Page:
High Definition Multimedia Interface, commonly known as HDMI, is a standard for a digital interface. It uses an HD signal to transmit video and audio signals through just one cable. HDMI is like a bigger version of DVI and shares the same TDMS (Transition Minimized Differential Signaling) technology. 

Thunderbolt is a modern technology that offers very high data transfer speeds. Its data transfer speeds range from 10 to 120 gigabits per second. Thunderbolt supports both Mini DisplayPort and PCI Express standards on one single cable. 

Also, it enables you to connect several electronic devices together in a daisy chain. These devices may include monitors, video recording cards, storage gadgets, and more.

Comparing Features of HDMI and Thunderbolt

HDMI is a digital connector that mixes video and audio signals for use in devices like HDTVs, video game consoles, stereo receivers, Blu-ray players, and more. It follows EIA/CEA-861 standards that cover wavelengths and video codecs. 

The EIA/CEA-861 standards also cover unencrypted LPCM audio and transmission of compression, along with VESA EDID implementations and auxiliary data. Many manufacturers use HDMI as it is a broadly embraced modular technology for clear video and audio output. 

HDMI cables come in regular and enhanced versions, and also some without an ethernet connection. HDCP is used to protect material on HDMI. In addition, a single remote can control multiple devices connected with HDMI that have Consumer Electronics Control (CEC).

Thunderbolt is a newer technology that lets you connect multiple devices to your computer or laptop with just one cable.  It provides great displays and fast communication over one single port. Thunderbolt is one single cable that combines DisplayPort and PCIe into two signals and also provides DC power.

It looks like a USB-C port, and they are technically the same when you plug them in. Thunderbolt 5 is created on industry standards, which include PCIe Gen 4, USB4, and  DisplayPort 2.1. Also, it works well with older versions of Thunderbolt.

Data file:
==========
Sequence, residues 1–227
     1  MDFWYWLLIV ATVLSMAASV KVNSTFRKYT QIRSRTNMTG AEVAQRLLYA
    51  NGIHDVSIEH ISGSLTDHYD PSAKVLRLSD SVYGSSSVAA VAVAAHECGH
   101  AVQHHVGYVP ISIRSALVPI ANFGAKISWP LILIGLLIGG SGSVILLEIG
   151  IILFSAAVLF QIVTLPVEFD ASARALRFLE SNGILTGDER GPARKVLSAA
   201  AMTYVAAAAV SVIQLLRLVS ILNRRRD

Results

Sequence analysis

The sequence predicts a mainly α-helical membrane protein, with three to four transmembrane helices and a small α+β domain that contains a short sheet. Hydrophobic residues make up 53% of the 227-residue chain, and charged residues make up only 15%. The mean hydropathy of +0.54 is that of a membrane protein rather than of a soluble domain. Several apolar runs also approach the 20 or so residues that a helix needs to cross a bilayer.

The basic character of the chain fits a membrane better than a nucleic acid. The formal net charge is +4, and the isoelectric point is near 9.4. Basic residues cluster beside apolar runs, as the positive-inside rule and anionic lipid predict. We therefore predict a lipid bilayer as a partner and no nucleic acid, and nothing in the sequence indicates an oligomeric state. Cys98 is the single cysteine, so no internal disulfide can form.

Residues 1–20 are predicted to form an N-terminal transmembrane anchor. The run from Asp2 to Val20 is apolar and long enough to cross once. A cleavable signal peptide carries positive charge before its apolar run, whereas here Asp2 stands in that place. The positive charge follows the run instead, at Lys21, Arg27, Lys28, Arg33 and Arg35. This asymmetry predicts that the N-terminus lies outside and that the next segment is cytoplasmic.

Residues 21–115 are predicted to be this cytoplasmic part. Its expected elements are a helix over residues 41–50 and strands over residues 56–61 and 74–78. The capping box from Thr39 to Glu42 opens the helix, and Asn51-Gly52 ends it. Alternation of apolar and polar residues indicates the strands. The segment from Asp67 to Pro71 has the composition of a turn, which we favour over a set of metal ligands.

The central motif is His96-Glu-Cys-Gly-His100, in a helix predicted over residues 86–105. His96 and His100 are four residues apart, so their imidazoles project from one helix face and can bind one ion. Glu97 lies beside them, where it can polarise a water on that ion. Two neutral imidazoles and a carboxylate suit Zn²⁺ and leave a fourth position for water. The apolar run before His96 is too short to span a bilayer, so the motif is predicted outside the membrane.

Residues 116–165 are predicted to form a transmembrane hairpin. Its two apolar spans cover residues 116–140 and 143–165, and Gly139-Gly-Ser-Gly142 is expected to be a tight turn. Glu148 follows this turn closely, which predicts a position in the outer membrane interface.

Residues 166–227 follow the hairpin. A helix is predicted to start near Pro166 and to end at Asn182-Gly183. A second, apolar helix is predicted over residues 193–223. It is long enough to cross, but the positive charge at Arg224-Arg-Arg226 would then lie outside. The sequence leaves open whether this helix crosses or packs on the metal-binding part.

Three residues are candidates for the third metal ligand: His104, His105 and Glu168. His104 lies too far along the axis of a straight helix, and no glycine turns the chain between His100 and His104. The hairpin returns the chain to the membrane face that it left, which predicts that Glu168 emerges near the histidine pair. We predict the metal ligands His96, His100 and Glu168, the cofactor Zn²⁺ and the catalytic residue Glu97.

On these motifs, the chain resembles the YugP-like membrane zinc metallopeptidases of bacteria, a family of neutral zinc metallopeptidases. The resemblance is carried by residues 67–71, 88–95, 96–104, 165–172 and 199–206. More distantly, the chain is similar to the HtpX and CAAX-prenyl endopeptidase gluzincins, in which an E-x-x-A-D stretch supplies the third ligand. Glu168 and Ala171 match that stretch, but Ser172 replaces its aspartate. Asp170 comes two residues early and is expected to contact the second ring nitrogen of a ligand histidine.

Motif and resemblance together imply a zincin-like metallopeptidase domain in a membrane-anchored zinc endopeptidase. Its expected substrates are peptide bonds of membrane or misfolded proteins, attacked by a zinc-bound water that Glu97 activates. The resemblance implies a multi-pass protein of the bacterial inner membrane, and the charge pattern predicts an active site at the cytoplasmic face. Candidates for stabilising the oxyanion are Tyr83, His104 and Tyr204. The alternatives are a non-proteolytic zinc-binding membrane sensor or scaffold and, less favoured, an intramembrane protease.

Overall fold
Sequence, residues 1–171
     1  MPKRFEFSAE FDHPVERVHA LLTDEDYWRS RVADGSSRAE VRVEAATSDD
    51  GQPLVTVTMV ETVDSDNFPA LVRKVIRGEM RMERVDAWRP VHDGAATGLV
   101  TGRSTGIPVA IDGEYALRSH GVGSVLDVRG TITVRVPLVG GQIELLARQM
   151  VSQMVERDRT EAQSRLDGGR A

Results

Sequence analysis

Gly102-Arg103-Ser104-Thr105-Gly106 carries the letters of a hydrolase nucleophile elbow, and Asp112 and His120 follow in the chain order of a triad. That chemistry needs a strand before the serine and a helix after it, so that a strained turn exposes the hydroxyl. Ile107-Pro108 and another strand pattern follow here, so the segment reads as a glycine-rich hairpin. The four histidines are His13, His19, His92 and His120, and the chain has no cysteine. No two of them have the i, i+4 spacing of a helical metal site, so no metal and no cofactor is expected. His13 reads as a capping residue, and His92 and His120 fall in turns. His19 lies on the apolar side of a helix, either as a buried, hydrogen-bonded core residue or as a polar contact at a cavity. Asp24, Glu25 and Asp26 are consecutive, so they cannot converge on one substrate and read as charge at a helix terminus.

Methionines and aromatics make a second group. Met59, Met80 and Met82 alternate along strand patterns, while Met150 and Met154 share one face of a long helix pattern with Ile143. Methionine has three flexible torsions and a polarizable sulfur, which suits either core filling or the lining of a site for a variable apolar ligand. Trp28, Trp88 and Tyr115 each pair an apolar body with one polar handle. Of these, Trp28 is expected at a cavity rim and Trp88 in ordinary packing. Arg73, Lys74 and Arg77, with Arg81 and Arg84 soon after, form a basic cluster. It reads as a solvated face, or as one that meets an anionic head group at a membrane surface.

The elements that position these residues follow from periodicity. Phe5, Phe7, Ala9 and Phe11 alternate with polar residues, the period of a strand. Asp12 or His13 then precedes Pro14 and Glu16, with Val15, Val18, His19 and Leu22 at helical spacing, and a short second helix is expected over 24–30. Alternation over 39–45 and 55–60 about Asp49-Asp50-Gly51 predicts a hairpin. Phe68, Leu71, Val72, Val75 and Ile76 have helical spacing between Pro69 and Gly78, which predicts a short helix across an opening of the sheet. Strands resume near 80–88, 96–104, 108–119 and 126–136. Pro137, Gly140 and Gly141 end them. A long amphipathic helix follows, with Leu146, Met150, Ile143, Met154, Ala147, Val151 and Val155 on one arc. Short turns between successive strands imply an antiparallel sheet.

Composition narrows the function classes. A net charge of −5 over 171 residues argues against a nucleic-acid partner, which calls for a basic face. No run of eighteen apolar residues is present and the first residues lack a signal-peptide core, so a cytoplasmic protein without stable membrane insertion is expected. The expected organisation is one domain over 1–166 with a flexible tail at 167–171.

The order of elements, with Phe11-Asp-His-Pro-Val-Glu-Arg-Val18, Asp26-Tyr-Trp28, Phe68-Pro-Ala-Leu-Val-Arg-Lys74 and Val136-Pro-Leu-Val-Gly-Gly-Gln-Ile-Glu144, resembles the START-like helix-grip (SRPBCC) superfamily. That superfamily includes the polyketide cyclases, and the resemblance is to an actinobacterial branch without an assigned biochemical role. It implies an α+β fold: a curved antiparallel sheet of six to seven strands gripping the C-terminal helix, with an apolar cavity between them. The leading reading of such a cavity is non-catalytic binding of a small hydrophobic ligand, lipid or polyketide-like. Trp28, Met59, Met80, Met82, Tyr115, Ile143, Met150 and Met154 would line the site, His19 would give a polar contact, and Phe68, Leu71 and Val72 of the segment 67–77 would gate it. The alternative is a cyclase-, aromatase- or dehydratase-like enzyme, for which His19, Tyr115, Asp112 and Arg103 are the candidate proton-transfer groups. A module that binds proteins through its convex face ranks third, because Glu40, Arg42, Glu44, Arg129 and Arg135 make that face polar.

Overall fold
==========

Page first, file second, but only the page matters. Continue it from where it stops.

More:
A good alternative to a FireWire connection is to use the Thunderbolt interface to connect particular devices to your MacBook. It’s faster than FTP and USB 3.0 and has more video capacity compared to HDMI. For bus-powered devices, Thunderbolt supports power over cable. It covers both standards of Mini DisplayPort and Parallel Port on a long wire.

The Differences in Performance between HDMI and Thunderbolt

The max data clock rate supported by HDMI 1.2 is 165MHz. With HDMI 1.3, it increases to 340MHz, giving a true data throughput of 8.16 gigabits per second. HDMI 1.4 supports 3-dimensional Blu-ray video playback, audio return, and Ethernet connections via the HDMI cable. 

Moving forward, HDMI 2.0 raises the bandwidth to 18Gbps and supports 4K resolution at 60Hz. It comes with a dynamic A/V stream synchronization feature and more features. HDMI 2.1 took it a step further, supporting 4K resolution at 120Hz and 8K resolution at 60Hz. 

It can even support 10K resolution. On the other hand, Thunderbolt 3 supports 1440p resolution at 30-240 Hz and 4K resolution at 30-120 Hz. Thunderbolt 1 and 2 have data transfer speeds of up to 20 gigabits per second. 

Thunderbolt 3 doubles that speed to an impressive 40 Gbps while maintaining minimal power consumption. The newly upgraded Thunderbolt 5 is entirely USB 80 gigabits per second standard compliant, ready to support the next era of high-end connectivity, displays, and storage.

Final Verdict on HDMI vs Thunderbolt

HDMI is the standard connector for connecting HD video devices, and it is everywhere in the consumer electronics world. You will see HDMI ports on set-top boxes, HDTVs, video game consoles, Blu-ray players, camcorders, digital cameras, and more. Yet, HDMI falls behind 

Thunderbolt, mainly because it does not support data transfer. 

And that isn’t the only factor where it falls behind. Thunderbolt outshines HDMI by supporting many displays through one connector. With Thunderbolt, you can even plug in a hard drive or pen drive directly into your monitor, accessing the data without the hassle of connecting additional cables. 

On the other hand, HDMI sticks to one display, and one connector, and has no data transfer capability. Thunderbolt, a relatively recent tech initially tied to Apple devices, broadens its reach to other PCs with Thunderbolt 3.  

Thunderbolt, a comparatively new technology primarily restricted to Apple devices, broadens its reach to other PCs with Thunderbolt 3. We are hopeful that this article on HDMI vs Thunderbolt has helped you to choose one between these connectors.

David Huner
David Hunerhttps://yourtechscholar.com
I have completed my graduation from The University of Phoenix. Being a graduate, I’ve been writing on tech tips and products for several years. I love to write about all the latest trends in technology, as well as give my personal take on new products. If you’re looking for some inspiration or just want to read more articles like this one, check out our website!